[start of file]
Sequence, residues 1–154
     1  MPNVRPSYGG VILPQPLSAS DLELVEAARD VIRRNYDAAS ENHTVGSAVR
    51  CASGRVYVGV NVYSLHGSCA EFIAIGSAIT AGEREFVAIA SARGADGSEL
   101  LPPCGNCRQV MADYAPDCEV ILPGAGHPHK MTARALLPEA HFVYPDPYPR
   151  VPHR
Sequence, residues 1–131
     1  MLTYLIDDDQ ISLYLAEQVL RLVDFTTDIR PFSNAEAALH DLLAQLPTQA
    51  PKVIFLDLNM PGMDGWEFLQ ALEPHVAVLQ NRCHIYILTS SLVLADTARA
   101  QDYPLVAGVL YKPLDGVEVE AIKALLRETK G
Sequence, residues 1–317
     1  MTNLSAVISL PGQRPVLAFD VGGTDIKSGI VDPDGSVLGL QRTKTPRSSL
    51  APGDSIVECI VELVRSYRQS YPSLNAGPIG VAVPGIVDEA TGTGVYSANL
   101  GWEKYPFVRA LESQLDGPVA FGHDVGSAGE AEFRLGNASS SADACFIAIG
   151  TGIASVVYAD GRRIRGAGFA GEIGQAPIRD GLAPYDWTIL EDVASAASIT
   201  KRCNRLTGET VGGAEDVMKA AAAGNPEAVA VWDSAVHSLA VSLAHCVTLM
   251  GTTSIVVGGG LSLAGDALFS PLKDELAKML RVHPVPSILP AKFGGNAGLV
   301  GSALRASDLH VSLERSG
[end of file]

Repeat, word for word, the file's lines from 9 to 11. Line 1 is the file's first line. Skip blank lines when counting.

   101  QDYPLVAGVL YKPLDGVEVE AIKALLRETK G
Sequence, residues 1–317
     1  MTNLSAVISL PGQRPVLAFD VGGTDIKSGI VDPDGSVLGL QRTKTPRSSL